Tremor and Balance
Reviewed by Randall T. Schapiro, MD
President, The Schapiro MS Advisory Group
Clinical Professor of Neurology, University of Minnesota (retired)
Tremor is a difficult symptom to manage. This is a back-and-forth or “oscillating” movement that usually affects the arms or legs, but can also (less frequently) affect the head or body (trunk). Individuals experiencing tremor may find that this symptom varies and is not always present. However, when tremor does occur, it can interfere with one’s balance and coordination. To follow are examples of how tremors vary:
- Size of movements: ranging from very small movements (fine tremor) to large movements (gross tremor)
- Areas affected: limbs, head, or truck; can also affect speech
- When they occur: when the muscle is at rest or when intentionally moving
- Speed of tremor: ranging from slow to fast
- Impact of tremor: some may be barely noticeable and more of an annoyance; others may be significant, interfering with normal function and daily activities
- Response to treatment: some tremors may respond well to treatment, others do not
With so many variables, having the tremor evaluated by a neurologist or other healthcare professional is critical for determining the most effective treatment plan.
With MS, the most frequently seen tremor is caused by demyelination in the cerebellum, which is located in the lower-back region of the brain. This area of the brain helps to control movement, coordination, balance, and muscle tone. This type of tremor tends to be a slow, gross tremor affecting a limb when moving intentionally (purposeful movement). Unfortunately, this type of tremor is the most challenging to treat. Additionally, stress and anxiety can worsen this type of tremor, which may improve when treated with a sedating type of medication.
Different strategies may be used in an effort to reduce tremors. These include:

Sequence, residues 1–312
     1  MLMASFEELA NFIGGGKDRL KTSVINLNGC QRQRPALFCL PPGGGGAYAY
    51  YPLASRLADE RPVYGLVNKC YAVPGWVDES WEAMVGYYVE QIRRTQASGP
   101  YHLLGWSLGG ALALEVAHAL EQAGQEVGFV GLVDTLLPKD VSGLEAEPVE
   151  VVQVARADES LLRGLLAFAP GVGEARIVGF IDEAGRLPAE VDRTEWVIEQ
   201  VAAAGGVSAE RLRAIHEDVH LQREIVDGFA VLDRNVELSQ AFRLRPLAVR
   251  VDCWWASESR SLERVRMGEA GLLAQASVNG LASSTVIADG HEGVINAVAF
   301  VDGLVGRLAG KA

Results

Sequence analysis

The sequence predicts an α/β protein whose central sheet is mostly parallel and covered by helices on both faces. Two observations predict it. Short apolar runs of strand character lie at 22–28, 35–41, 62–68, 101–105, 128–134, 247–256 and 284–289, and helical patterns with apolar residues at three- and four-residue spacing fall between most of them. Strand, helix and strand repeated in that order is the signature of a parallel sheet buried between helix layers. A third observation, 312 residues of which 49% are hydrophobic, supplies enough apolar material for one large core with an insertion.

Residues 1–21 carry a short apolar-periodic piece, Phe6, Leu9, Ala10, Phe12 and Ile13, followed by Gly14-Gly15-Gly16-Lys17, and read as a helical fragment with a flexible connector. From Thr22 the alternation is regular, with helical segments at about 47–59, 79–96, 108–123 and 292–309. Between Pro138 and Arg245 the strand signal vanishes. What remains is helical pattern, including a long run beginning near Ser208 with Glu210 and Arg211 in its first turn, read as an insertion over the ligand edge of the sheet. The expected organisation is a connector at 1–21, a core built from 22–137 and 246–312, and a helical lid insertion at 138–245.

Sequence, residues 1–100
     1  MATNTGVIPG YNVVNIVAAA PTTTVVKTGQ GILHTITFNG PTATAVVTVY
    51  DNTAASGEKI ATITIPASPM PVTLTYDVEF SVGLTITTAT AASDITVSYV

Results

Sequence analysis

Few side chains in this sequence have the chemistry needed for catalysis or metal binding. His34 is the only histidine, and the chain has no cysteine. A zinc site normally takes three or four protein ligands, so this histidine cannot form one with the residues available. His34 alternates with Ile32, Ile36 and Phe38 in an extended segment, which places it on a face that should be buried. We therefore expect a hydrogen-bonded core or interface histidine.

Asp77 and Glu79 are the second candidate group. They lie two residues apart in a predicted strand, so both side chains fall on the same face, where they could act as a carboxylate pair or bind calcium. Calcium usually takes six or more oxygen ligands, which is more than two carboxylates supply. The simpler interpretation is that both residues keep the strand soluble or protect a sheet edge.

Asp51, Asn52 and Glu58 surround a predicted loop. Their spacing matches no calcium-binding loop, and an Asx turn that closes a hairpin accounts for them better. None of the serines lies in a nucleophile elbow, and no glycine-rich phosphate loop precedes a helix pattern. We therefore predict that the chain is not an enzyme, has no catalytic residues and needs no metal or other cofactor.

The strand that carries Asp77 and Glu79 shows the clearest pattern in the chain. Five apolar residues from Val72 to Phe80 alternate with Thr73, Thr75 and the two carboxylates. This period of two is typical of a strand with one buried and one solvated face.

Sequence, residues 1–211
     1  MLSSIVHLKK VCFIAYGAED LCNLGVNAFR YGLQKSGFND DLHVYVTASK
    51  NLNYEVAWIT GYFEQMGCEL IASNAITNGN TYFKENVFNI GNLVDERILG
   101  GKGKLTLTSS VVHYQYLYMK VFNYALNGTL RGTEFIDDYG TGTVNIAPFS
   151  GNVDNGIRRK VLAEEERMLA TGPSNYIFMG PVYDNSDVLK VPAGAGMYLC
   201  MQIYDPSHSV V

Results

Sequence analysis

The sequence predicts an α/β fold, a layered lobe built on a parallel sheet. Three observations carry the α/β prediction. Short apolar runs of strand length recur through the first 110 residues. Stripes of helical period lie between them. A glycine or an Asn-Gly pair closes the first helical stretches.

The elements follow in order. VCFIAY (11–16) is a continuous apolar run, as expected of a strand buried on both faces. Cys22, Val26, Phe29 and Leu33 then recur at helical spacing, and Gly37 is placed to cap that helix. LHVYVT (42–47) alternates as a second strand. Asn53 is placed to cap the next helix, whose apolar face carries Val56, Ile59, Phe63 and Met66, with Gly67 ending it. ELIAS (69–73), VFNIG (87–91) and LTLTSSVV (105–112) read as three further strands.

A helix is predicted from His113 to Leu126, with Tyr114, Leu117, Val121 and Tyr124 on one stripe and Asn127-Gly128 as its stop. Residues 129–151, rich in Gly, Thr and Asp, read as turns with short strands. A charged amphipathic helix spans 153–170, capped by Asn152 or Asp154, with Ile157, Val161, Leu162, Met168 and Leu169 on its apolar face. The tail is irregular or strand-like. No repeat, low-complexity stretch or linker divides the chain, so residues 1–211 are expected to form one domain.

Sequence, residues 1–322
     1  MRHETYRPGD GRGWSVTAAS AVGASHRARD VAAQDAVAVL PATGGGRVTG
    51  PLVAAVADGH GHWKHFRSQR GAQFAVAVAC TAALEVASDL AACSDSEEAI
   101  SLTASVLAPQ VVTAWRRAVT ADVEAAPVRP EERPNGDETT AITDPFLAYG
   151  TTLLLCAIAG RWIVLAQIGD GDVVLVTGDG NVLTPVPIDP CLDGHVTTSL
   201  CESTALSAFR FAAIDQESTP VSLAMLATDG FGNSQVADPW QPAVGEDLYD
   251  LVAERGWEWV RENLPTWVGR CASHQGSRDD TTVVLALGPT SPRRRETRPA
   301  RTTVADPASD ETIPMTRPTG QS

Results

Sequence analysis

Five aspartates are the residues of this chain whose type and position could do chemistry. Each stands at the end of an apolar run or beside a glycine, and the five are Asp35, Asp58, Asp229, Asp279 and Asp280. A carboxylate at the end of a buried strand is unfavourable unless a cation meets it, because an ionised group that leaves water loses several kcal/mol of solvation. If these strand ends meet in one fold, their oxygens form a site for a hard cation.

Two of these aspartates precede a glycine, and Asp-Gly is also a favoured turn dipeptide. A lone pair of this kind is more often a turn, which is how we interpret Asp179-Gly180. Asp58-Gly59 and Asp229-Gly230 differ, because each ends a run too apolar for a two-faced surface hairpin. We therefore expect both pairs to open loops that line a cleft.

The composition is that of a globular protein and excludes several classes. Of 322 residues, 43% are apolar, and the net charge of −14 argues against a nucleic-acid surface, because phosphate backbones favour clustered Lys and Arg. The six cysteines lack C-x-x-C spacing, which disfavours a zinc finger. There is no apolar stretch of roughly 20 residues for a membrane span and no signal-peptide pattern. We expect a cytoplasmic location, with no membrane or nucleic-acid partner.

Bracing: Braces can immobilize a joint and control extra movement. Bracing the ankle and foot can add stability for standing or walking; braces may also be used for the arm, hand, or neck.
Weighting: Adding extra weight to an affected area can help to stabilize a part of the body, such as the feet, ankles, wrists, and hands. Items can also be weighted, including pens, pencils, eating utensils, a cane, or a walker.
Speech therapy: When tremors around the mouth (lips, tongue, and jaw) interfere with speaking, speech therapy may help. Strategies include techniques to slow speech, increase clarity, and control loudness.
Adaptive equipment: Employing special household items designed to be used in daily activities can be helpful. These can be easy to hold or keep in place with everyday activities – such as writing, dressing, and eating.
Medications: Several medications (listed below) are available to treat certain types of tremor; a healthcare professional can prescribe the one that is best suited for his or her patient.
Treatment plans will often include a combination of strategies to minimize the effects of tremors, but do not eliminate them. The following medications may be used to treat tremor (as listed on MSAA’s website at mymsaa.org under symptoms).
- Atarax®, Vistaril® (hydroxyzine)
- Klonopin® (clonazepam) and Buspar® (buspirone)
- Neurontin® (gabapentin)
- Inderal® (propranolol)
- Zofran® (ondansetron)
- Keppra® (levetiracetam)
- Mysoline® (primidone)
- Laniazid®, Nydrazid® (isoniazid)
Balance Problems in MS
The cerebellum is located in the lower-back region of the brain, and helps to control movement, coordination, balance, and muscle tone. While demyelination in this area can cause tremor for some individuals, it can cause balance problems as well. Other components, such as vision, hearing, and movement of the arms and legs, are also involved in balance. Problems with the functioning of any of these areas can worsen balance, but conversely, some of these areas may be able to compensate for other deficits in balance.
Unlike tremor, balance cannot be treated with medication. The only therapy for balance is through exercise. Physical and occupational therapists will often use an exercise known as patterning when treating balance issues. With patterning, the therapist guides the patient through repeated movements with the idea of retraining the muscles to gain more control and coordination while moving in that same pattern.
Another technique, known as vestibular stimulation, uses motion such as rocking, swinging, or spinning to challenge the brain stem where balance can be affected. This added stimulation helps the balance centers of the brain to function better. Another therapy that may be helpful for individuals who can stand is the SMART Balance Master®. Using a computer, this balance stimulation program tracks the movements of the patient’s feet on the screen and helps to teach the patient how to improve his or her balance.
Schapiro, R. T., Managing the Symptoms of Multiple Sclerosis, 5th edition, (Demos Medical Publishing, 2007)